A total of over 860 GW of new coal capacity could potentially be added in the next few years, adding 4.6 GtCO2e greenhouse gas (GHG) emissions by 2030
Reversing Coal Expansion:
Aggregate NDC targets can potentially be achieved by canceling proposed coal projects at early development stages, equivalent to 3.0 GtCO2e of GHG emissions.
Retirement of Existing Capacity:
Significant changes are needed to close the emission gap of 9.3 GtCO2e to the 2°C goal in 2030. Limiting warming to below 2°C requires countries to accelerate the retirement of existing capacity.
Limiting warming to well-below 2°C requires not only cancelling all proposed coal-fired power projects, but countries must accelerate the retirement of existing capacity.
More than 60 countries have plans to add new coal-fired power capacity, but the vast majority of the planned activity is located in Asia. China, India, Turkey, Vietnam, and Indonesia – account for almost three quarters of the newly proposed capacity.
NEWLY PROPOSED COAL-FIRED POWER CAPACITY BY COUNTRY
Data Source: China, India, Indonesia, Japan, South Korea, and United States data collection by research team. All other countries’ data from CoalSwarm (June 2017), independently confirmed and modified by the research team.
Newly proposed coal-fired power capacity by development stage, global
Our unit-level assessment of newly proposed coal power plants indicates that there is a potential total of more than 860 GW of new capacity coming online in the next 15 years, including 233 GW (i.e. about 27%) that have already started construction. As for the other newly proposed capacity, more than 10% have been authorized by their government, about 40% are going through the permitting process, and the remaining 23% are at the early planning stages.
GHG EMISSIONS IMPACT
If all the newly proposed projects are implemented, coal-fired power generation in 2030 would result in 12.5 GtCO2e of GHG emissions globally, of which 4.6 GtCO2e would come from new capacity that is currently being proposed. Translating the annual GHG emissions to cumulative emissions, existing and currently proposed coal power projects would result in a total of 575 GtCO2e GHG emissions by 2080.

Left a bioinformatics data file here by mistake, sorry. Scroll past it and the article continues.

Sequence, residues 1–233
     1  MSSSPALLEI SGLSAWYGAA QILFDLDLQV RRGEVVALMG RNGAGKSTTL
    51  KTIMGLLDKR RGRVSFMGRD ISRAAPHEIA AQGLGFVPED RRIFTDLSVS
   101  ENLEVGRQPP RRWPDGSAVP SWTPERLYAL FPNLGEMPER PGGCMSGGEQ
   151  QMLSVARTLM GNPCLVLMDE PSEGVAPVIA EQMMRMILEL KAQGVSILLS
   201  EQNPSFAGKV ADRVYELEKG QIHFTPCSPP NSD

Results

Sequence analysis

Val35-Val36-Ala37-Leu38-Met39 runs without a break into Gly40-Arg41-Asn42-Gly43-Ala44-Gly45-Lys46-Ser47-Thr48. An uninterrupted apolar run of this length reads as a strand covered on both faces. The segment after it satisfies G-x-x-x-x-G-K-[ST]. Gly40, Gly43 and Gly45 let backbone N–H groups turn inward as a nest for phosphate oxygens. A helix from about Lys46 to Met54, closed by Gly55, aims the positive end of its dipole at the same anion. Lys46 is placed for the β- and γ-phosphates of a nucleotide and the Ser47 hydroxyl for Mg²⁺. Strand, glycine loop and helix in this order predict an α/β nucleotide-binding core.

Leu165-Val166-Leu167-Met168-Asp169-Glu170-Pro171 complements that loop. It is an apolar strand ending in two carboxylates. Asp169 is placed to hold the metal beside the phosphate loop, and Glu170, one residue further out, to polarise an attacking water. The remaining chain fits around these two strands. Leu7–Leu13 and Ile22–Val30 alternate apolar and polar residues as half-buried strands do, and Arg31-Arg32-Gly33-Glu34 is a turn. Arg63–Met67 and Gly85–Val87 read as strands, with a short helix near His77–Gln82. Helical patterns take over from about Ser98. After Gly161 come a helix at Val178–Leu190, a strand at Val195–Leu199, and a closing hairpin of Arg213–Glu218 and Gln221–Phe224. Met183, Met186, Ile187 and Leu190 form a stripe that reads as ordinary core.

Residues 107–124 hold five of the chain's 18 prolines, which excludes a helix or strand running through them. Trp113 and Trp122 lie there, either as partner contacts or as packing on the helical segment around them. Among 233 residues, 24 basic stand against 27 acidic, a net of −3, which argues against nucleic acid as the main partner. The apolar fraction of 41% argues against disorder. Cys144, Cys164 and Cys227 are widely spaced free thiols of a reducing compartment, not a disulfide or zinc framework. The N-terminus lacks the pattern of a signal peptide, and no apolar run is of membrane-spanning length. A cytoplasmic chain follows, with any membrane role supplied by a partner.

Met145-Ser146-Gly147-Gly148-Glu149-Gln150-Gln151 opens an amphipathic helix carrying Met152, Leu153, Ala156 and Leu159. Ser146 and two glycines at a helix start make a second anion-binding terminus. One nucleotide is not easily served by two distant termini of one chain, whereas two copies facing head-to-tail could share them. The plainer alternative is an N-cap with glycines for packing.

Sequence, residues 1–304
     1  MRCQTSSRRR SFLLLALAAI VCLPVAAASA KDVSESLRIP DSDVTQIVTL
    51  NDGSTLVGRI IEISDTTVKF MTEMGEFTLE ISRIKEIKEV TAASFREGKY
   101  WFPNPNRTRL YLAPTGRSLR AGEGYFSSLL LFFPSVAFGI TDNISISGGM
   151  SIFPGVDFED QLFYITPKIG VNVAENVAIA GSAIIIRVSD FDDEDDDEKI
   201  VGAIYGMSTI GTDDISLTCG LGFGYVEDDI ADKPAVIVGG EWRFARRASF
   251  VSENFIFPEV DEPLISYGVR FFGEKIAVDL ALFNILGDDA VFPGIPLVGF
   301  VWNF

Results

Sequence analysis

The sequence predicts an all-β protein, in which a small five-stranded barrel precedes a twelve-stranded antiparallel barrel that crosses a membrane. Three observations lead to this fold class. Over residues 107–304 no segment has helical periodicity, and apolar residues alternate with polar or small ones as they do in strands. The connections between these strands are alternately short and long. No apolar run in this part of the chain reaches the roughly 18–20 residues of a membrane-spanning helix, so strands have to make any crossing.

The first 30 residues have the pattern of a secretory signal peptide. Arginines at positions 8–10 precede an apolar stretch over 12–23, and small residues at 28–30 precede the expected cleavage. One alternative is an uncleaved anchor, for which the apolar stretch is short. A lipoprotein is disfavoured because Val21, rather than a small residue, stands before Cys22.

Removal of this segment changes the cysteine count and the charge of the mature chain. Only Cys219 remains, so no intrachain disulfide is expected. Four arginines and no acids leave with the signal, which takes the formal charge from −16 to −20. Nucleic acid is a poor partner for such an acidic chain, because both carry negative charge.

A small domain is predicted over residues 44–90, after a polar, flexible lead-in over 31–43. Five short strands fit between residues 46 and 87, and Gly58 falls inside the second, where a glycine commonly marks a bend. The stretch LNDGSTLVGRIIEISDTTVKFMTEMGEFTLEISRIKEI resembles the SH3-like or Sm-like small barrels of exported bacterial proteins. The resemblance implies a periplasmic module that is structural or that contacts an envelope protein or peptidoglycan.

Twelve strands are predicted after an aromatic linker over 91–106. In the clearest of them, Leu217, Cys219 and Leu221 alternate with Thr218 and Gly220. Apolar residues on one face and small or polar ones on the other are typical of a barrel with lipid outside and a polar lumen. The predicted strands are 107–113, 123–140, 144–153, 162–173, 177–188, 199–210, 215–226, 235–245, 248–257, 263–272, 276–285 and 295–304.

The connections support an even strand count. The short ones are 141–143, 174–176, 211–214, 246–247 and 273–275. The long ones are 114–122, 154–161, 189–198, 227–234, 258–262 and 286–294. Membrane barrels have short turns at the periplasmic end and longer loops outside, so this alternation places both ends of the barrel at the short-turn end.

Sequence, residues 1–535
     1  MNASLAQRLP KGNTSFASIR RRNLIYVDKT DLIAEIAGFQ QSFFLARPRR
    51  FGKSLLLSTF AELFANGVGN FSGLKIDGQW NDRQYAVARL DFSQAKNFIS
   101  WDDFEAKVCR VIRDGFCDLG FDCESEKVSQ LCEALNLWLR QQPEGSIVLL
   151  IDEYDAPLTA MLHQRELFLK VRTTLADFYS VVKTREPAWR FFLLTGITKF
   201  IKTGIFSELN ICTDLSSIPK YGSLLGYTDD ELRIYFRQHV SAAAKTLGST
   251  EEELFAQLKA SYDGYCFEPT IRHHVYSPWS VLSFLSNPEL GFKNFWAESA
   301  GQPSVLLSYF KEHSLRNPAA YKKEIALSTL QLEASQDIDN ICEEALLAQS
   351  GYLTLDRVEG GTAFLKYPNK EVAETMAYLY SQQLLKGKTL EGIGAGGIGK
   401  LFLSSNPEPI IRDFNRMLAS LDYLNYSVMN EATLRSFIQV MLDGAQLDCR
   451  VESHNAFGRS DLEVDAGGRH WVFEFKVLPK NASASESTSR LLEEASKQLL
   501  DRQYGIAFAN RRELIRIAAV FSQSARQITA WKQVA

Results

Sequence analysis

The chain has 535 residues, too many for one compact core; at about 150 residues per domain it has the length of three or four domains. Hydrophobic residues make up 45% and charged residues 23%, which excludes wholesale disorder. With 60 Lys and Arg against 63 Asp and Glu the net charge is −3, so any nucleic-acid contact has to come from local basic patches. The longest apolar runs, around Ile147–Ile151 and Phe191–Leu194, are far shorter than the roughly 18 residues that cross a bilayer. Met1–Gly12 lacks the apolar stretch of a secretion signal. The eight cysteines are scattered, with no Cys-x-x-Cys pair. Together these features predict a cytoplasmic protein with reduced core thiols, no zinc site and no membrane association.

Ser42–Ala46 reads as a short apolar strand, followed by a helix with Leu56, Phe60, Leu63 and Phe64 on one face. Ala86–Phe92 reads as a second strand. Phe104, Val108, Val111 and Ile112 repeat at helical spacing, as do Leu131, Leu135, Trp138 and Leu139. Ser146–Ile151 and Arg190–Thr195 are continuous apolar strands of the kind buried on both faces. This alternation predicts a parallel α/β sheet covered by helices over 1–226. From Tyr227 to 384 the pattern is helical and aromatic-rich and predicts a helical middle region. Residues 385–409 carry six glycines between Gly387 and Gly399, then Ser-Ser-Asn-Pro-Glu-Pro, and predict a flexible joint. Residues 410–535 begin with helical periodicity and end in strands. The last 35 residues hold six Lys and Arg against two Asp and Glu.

GHG emission trajectories from existing and proposed coal power generation capacity would bring the total GHG emissions from coal power generations to a level that is 2.5 GtCO2e higher than what is consistent with the aggregate NDC targets, but cancelling all projects at the early planning and permitting stages would reduce 3.0 GtCO2e of GHG emissions and eliminate the emission gap.
As for the 2°C goal, if all the proposed coal power capacity comes online, the global total GHG emissions from coal power generation will overshoot the quota that is in line with the 2°C goal by nearly 9.3 GtCO2e in 2030, making it extremely difficult to achieve this target.
Canceling all projects at the early planning and permitting stages would reduce 3.0 GtCO2e of GHG emissions
COMPLETING PROPOSED COAL PLANTS DRAMATICALLY INCREASES GLOBAL EMISSIONS
FASTER RETIREMENT AND CANCELLATION ARE NECESSARY TO REACH OUR CLIMATE GOALS
While meeting NDC targets only requires minor changes in proposed coal projects, meeting the global long-term goal of “well-below 2°C” requires a fundamental shift away from coal. To be on track to achieve the long-term 2°C goal, there must be an acceleration in the retirement of existing capacity in addition to the cancellation of all new additions of coal-fired power generation capacity.
China, India, Indonesia, the United States, Japan, and South Korea, collectively account for 78% of global total existing coal power generation capacity and 66% of the proposed capacity as of 2017.
CO2 EMISSIONS FROM COAL POWER GENERATION IN 2030
*2025 EMISSIONS ARE SHOWN FOR THE UNITED STATES
Although the magnitude of and age of coal power infrastructure vary substantially in 2030 across these countries, with the estimated rate of retirement, most countries have some room for new additions and can still achieve the NDC targets.
However, to remain consistent with the 2°C goal, all new projects would need to be cancelled in addition to the accelerated retirement of existing capacity